The Tate Modern’s gallery of international modern art forms part of the Tate group and is housed in the former Bankside Power Station in the London Borough of Southwark. The immense industrial structure is overpowering and impressive when you walk in. Admission is free of charge for the permanent collections on display and one can easily spend the day there without viewing half of the exhibits.

Tickets must be purchased for the major temporary exhibitions, such as the exhibition of Alberto Giacometti works. Giacometti was born in Eastern Switzerland in 1901 near the Italian border. In the 1920’s he moved to Paris and studied under the sculptor Antoine Bourdelle, an associate of Rodin. He experimented with cubism and surrealism and came to be regarded as one of the leading surrealists, sculptors, painters and draftsmen of his time. His distinctive elongated figures in bronze are easily recognisable.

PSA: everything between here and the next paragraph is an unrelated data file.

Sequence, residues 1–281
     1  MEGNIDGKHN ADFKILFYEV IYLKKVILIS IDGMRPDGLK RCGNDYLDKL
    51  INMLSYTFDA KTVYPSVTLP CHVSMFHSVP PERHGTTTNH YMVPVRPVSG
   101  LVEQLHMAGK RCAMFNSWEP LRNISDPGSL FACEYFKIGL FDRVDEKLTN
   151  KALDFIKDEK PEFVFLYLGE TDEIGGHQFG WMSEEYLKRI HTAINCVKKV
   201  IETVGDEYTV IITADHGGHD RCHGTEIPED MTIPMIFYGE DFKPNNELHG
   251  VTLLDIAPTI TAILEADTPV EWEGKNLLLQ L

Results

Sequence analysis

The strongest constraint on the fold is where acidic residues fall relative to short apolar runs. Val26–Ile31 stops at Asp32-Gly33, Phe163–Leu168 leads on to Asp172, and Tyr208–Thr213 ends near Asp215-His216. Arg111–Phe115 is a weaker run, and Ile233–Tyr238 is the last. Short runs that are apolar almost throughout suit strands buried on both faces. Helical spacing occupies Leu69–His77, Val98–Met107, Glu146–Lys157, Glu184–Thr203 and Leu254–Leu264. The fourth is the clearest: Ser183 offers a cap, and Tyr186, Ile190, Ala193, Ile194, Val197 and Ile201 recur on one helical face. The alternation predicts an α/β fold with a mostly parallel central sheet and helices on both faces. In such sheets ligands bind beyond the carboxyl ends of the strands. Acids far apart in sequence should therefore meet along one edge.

I was thrilled to have viewed this vast exhibition of 250-odd pieces – the first major retrospective in the UK for 20 years showcasing the full evolution of Giacometti’s career across five decades.

Giacometti died in 1966 in Switzerland at the age of 66 leaving behind an enormous impression for all lovers of modern art.

QueenB!……..Abuzzing off

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